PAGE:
ACOE’s rigorous accreditation process safeguards standards for optometric education

December 22, 2022
The council’s nationally recognized, 13-member accrediting panel ensures optometry schools meet the highest educational standards.
ACOE’s rigorous accreditation process safeguards standards for optometric education

A rigorous accreditation process based on strict adherence to high standards continues to contribute to the strength of optometric education and the demanding nature of optometric degree programs.

Administered by the Accreditation Council on Optometric Education (ACOE), which is recognized as an independent accrediting body by the U.S. Department of Education and other agencies, recently compiled new program accreditation data indicates a measured increase in new optometry schools over the past decade and a half. This contrasts with the rapid establishment of new dental schools and certain other health degree programs over the same time.

“The ACOE serves the public and the profession of optometry by establishing, maintaining and applying standards to ensure the academic quality and continuous improvement of optometric education that reflect the contemporary practice of optometry,” notes the council’s mission statement. “The scope of the ACOE encompasses professional optometric degree programs, optometric residency programs and optometric technician programs.”

The ACOE routinely employs a comprehensive and continual review process to ensure such accreditation standards remain high. So high, in fact, that the full process for a professional optometric degree program to earn accreditation may take years with the ACOE requiring approval for applicants to continue to each subsequent stage. Between 2005 and 2020, at least three proposed programs chose to hold or discontinue this multi-step accreditation process.

In May 2023, Rocky Mountain University of Health Professions (RMUoHP) in Provo, Utah, will open to its inaugural class, becoming the 26th accredited optometry program in the U.S. and Canada, and the first in six years. The institution received preliminary approval for accreditation from the ACOE in October.

Per the Association of Schools and Colleges of Optometry data, the opening of two new schools since 2015 increased enrollment by 6.4% with 2020-2021 enrollment at 7,339 full-time students across 25 programs. The ACOE’s accreditation standards lay out expectations for these programs and assures that all programs:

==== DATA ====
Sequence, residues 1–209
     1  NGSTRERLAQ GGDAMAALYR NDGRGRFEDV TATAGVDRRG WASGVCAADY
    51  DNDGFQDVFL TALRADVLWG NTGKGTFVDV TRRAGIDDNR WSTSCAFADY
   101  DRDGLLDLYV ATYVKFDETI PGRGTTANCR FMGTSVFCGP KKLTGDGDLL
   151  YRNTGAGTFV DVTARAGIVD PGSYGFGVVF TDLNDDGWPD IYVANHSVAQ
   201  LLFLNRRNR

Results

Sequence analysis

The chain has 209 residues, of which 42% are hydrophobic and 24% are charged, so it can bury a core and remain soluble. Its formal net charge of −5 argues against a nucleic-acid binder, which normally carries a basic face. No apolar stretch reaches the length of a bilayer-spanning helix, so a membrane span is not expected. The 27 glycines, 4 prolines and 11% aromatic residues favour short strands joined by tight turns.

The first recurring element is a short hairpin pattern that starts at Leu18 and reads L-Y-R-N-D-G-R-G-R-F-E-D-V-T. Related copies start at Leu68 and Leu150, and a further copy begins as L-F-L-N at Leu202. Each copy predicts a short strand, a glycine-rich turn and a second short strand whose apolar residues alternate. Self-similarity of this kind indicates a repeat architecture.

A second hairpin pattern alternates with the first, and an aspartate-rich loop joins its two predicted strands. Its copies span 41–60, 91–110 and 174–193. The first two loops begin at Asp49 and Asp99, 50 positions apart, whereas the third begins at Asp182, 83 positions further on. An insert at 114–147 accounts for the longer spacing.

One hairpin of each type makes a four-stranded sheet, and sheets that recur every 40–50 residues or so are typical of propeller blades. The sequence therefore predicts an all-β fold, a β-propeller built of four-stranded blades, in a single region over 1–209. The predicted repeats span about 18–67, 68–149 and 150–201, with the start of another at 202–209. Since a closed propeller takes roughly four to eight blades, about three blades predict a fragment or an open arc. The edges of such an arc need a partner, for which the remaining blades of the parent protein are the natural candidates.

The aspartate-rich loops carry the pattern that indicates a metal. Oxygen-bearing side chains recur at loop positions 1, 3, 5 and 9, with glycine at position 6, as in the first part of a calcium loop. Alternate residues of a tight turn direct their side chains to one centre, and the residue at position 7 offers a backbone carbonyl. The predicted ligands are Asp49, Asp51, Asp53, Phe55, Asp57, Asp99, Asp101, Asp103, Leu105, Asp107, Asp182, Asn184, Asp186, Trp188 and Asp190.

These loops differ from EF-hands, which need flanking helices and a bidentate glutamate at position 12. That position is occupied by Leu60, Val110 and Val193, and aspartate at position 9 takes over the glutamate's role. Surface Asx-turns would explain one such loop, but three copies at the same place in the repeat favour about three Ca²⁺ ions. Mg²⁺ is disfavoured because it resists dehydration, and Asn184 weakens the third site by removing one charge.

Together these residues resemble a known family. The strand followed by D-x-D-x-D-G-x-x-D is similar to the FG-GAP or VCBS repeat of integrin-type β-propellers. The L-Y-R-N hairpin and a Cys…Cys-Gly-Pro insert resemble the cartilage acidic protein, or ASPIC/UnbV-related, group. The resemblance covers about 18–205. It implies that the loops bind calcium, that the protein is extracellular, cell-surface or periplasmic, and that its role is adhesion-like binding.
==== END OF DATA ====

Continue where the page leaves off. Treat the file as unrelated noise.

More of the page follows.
• Have and monitor success in achieving their mission, goals and objectives.
  • Have curricula that aligns with their mission, goals and objectives.
  • Have research and scholarly activity supported.
  • Have sufficient and qualified faculty in place.
  • Have facilities, equipment and appropriate fiscal and administrative capacity.
  • Have students (and residents) admitted via an impartial process, and that such students exhibit intelligence, integrity and maturity, as well as are provided adequate support and clinical experiences.

“There is tremendous respect across the profession for the independence and expertise of the ACOE, which is fully recognized as an accrediting and standard-setting body at the highest levels,” says AOA President Robert C. Layman, O.D. “From the AOA’s standpoint, there will continue to be a strong focus throughout our organization on supporting appropriately rigorous standards and insisting on full enforcement.”

Trends in health care education show growth

The establishment of new optometry schools contrasts sharply with dentistry’s experience, which is on pace to exceed the opening of one new school per year between 2008 and 2015.

Per American Dental Association (ADA) Health Policy Institute data, 13 new dental programs opened across the United States in the past 14 years with another five programs slated to open over the next three years. Currently, the total number of accredited U.S. dental programs sits at 70 with an additional 10 programs in Canada, in turn driving dental school enrollment to its highest point ever.

The ADA’s most recent data shows overall 2021-2022 U.S. dental school enrollment above 26,000 students, an historic level, well-surpassing the nearest peak enrollment of 22,800 students from 60 schools in 1980-1981. Notably by the late-1980s and early-1990s, roughly 10% of dental schools shuttered in response to the declining amount and quality of program applicants, as well as financial issues.

But dentistry isn’t the only health profession seeing a recent enrollment influx and degree program expansion. Trends show increasing numbers of other medical and osteopathic programs, too, including:

In fact, medical schools saw a record-setting 17.8% increase in applicants for the 2021-2022 school year, “making the first-year class of 2021 larger and more diverse than any before it,” the Association of American Medical Colleges notes.

Learn more ACOE about the  and read more about the council’s recent actions.

Related News

FTC announces proposed ban on noncompete clauses

Public comment period ends in March, as groups such as the U.S. Chamber of Commerce vow opposition to new final rule on employment covenants.

Why Optometry’s Meeting®? 3 reasons Washington, D.C., is the place to be

Registration and housing for Optometry’s Meeting®, June 21-24, in Washington, D.C., are now open. See why doctors, paraoptometrics and optometry students can all benefit from the members’ meeting.

Eye Deserve More levels up

The AOA campaign puts focus on prolonged screen time and how doctors of optometry can help the public keep their eyes healthy at a time when digital device use is exploding at work, school and home.

;